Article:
These are stressful times—so if you need an easy way to unwind and relax, Dr. Marc Micozzi has just the thing: Reading.
In the Ultimate Stress Relief Protocol, Dr. Micozzi cites a UK study where University of Sussex researchers concluded that reading could reduce stress by nearly 70 percent.
In fact, they noted that that reading was more effective than other relaxation methods, such as listening to music, drinking a hot cup of tea, or going for a pleasant walk.
“Plus,” Dr. Micozzi adds, “it works quickly. In the study, subjects only needed to read silently for six minutes to slow down their heart rate and ease tension in their muscles.” As one of the Sussex researchers puts it, immersing yourself in a book is the “ultimate relaxation.”
But that’s not all…
Additional studies show that reading could even extend your lifespan.
Dr. Micozzi points to another investigation conducted by Yale researchers and sponsored by the National Institute on Aging.
In this study, researchers followed 3,635 participants over age 50 for 12 years. They divided the participants into three groups: those who didn’t read books, those who read books for up to 3.5 hours per week, and those who read books for more than 3.5 hours per week.
“Overall,” Dr. Micozzi says, “the researchers found a very strong link between reading books and lower death rates. There was even a dose-response effect. In other words, the more a person reads weekly, the lower their death rate.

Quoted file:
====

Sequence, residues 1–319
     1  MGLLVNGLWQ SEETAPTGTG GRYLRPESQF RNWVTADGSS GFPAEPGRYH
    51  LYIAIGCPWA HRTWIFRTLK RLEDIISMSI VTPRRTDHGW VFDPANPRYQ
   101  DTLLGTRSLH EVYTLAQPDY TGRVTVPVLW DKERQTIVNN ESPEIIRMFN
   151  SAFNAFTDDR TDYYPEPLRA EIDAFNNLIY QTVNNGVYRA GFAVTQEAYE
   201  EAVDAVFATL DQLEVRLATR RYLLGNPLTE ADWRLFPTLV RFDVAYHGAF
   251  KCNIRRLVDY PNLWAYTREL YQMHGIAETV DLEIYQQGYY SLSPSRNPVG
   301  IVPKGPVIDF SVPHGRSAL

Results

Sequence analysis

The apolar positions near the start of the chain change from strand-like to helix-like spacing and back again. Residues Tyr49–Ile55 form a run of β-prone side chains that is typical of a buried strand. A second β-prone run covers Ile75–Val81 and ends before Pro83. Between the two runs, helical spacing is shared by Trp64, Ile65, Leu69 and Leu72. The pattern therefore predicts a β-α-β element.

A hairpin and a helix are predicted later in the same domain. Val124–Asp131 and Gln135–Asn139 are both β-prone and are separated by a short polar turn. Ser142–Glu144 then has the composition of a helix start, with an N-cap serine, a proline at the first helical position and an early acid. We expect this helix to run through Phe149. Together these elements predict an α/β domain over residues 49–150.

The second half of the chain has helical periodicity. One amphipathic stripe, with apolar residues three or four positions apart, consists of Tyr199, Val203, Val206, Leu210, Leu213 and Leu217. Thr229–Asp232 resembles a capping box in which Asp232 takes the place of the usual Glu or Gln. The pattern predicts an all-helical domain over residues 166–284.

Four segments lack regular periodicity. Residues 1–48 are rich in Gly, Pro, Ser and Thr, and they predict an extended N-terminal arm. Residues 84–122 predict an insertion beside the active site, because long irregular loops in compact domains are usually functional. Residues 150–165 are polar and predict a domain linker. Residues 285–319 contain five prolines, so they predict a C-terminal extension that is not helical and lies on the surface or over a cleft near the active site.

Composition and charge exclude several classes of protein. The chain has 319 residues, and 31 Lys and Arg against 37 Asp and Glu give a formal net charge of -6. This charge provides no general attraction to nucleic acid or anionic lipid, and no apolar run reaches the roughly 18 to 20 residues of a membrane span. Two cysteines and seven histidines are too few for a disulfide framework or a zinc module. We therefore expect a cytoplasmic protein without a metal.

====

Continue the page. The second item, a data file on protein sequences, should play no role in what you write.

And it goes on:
“In fact, those who read a book up to 3.5 hours per week had a 17 percent lower death rate compared to non-readers. And those who read more than 3.5 hours per week had a 23 percent lower death rate.” Dr. Micozzi points out that these reductions actually rival the longevity boost you get from a healthy diet and regular exercise.
And to top it all off, reading is indisputably good for your brain health. Plenty of research shows that mental activity like reading helps prevent and even control dementia. And specifically, Dr. Micozzi cites a study that found that reading novels appears to boost both brain connectivity and empathy.
When it comes to getting the health benefits of reading, any book will do. As Dr. Micozzi says, “Whether it’s fiction, biography, historical non-fiction, or even do-it-yourself manuals.
“Any format is fine as well. Hardback, softcover, even e-reader devices are all good options. While this study didn’t look at the effects of audiobooks, I would imagine they are similar in terms of stress relief—as long as you are engaged in the material.
“The point is to find something you enjoy and spend some time reading every day.”
“Life-span cognitive activity, neuropathologic burden, and cognitive aging.” Neurology 2013; 81(4): 314-321. doi: 10.1212/WNL.0b013e31829c5e8a
“Reading For 6 Minutes Each Day Can Reduce Stress By 68 Percent, Study Says” A Plus, 8/29/18 (articles.aplus.com/a/reading-6-minutes-each-day-reduce-stress-68-percent)